Mt Bambouto Volcano, Cameroon Line: Mantle Source and Differentiation of Within-plate Alkaline Rocks




Merle, Renaud
Marzoli, Andrea
Aka, Festus T
Chiaradia, J M
Reisberg, Laurie
Castorina, F
Jourdan, F
Renne, P R
N'ni, Jean
Nyobe, J B

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Oxford University Press


The Late Cretaceous-Quaternary Cameroon Volcanic Line (CVL) is a 1600km long chain of volcanoes that straddles the continent-ocean boundary and extends from the Gulf of Guinea to the interior of the African continent. The magmatic activity started at 70Ma and has continued until the present. The products of this magmatic activity are distinctive in terms of petrology and isotope geochemistry, the variety of volcanic rocks ranging from ultrabasic, alkaline to sub-alkaline lavas to highly evolved alkaline lavas with isotopic compositions indicating complex combinations of both sub-lithospheric (HIMU, EM, DMM) and lithospheric components (sub-continental lithospheric mantle and crust). We conducted a petrological and geochemical study of a set of volcanic rocks, sampled from the rim and interior of the Miocene Mt Bambouto caldera, one of the 12 main volcanic centres of the CVL. The rocks were analysed for their whole-rock major and trace element contents, 40Ar/39Ar ages and whole-rock Sr-Nd-Pb-Os isotopic compositions. Phonolites and quartz-trachytes of the Mt Bambouto caldera are derived by fractional crystallization of highly alkaline and moderately alkaline parental basic magmas, respectively. Assimilation of the shallow crust has affected both alkaline and subalkaline magmas, suggesting that the petrogenesis of the differentiated rocks cannot be explained by crustal contamination alone. Only minor amounts (usually less than 5%) of assimilation of upper crustal silicic rocks from the local Pan-African basement are required to produce the most differentiated compositions. The rocks with the highest crustal contribution are Q-normative trachytes from peripheral cones, as well as one Ne-trachyte. Mt Bambouto basic-ultrabasic rocks, including basanites and alkali-basalts with high 187Os/188Osi, might have experienced some crustal contamination, but it must have been a limited process. Some Mt Bambouto ultrabasic to basic rocks show large ion lithophile element enrichment, notably of Sr, Ba and P compared with Zr. These samples also have relatively radiogenic Sr and unradiogenic Pb isotopic compositions. Such compositions are similar to those of the high-Sr group identified by previous studies. Most of the basic rocks do not show such characteristics and are identified as a low-Sr group. We interpret the geochemical characteristics of the high-Sr group as resulting from the partial melting of a depleted mantle (DMM-like) peridotite source containing pyroxenite veins that had interacted with carbonatitic fluids. To test this hypothesis, we used a new modelling approach based on Monte Carlo simulation; this method has the advantage of deciphering how different mantle components interacted through time. Our modelling confirms the plausibility of a three-component source. In addition, it suggests that the carbonatitic fluid first mixed with the pyroxenititic component and the resulting melt interacted with a DMM-like mantle. Both high-Sr and low-Sr groups can be produced by such a mixing scenario but with a stronger contribution of the carbonatitic fluid for the high-Sr group. At the time of melting, these source components could have been located in a metasomatized region of the sublithospheric mantle (uppermost section of the asthenosphere) or in the sub-continental lithospheric mantle.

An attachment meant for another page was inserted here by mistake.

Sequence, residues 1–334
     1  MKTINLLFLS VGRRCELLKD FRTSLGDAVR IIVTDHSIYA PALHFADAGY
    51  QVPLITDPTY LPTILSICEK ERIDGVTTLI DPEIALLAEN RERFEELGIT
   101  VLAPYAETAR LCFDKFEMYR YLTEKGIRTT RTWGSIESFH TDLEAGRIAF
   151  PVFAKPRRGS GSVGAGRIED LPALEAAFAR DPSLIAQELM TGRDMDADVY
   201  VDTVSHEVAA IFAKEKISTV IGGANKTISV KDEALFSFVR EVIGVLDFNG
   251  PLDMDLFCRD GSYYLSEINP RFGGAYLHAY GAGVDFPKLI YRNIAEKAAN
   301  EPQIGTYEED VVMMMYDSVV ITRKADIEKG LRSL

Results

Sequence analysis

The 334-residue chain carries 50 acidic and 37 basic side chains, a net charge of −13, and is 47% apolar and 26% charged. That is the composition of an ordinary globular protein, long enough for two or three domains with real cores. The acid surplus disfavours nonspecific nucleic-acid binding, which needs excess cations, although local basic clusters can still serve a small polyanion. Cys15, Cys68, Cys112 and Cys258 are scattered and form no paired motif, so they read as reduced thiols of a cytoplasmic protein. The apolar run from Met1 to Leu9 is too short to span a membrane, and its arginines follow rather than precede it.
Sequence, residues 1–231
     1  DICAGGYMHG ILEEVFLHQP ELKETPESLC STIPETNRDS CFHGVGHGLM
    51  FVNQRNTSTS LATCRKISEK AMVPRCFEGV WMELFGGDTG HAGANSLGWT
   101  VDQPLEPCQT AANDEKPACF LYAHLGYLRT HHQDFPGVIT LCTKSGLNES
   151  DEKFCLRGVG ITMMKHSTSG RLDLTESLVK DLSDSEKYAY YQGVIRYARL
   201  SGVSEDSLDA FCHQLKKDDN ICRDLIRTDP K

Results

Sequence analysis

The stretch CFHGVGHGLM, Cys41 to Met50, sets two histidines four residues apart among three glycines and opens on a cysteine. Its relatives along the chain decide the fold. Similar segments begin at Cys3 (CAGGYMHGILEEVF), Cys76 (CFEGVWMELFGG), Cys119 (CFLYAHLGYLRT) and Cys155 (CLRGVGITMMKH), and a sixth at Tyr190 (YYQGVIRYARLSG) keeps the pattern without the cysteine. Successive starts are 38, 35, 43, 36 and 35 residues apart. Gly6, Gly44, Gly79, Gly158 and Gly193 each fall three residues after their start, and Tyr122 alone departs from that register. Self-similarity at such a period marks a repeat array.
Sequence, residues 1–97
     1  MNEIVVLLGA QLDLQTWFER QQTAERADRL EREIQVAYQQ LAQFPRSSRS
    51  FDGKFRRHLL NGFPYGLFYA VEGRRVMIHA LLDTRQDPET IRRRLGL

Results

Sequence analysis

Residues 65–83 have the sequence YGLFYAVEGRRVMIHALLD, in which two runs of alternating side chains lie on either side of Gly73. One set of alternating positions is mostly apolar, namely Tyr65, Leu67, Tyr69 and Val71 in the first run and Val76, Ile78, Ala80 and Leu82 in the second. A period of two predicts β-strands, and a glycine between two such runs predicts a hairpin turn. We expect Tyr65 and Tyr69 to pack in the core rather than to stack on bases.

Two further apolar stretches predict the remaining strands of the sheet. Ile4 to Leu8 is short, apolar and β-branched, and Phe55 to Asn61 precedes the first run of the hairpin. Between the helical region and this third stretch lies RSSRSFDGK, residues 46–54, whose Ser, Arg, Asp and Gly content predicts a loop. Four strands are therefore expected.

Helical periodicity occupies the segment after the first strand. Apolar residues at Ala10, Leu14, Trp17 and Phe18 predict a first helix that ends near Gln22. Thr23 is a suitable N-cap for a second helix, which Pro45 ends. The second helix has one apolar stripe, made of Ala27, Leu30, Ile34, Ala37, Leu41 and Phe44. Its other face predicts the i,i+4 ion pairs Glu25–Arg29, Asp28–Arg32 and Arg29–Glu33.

Journal of Petrology


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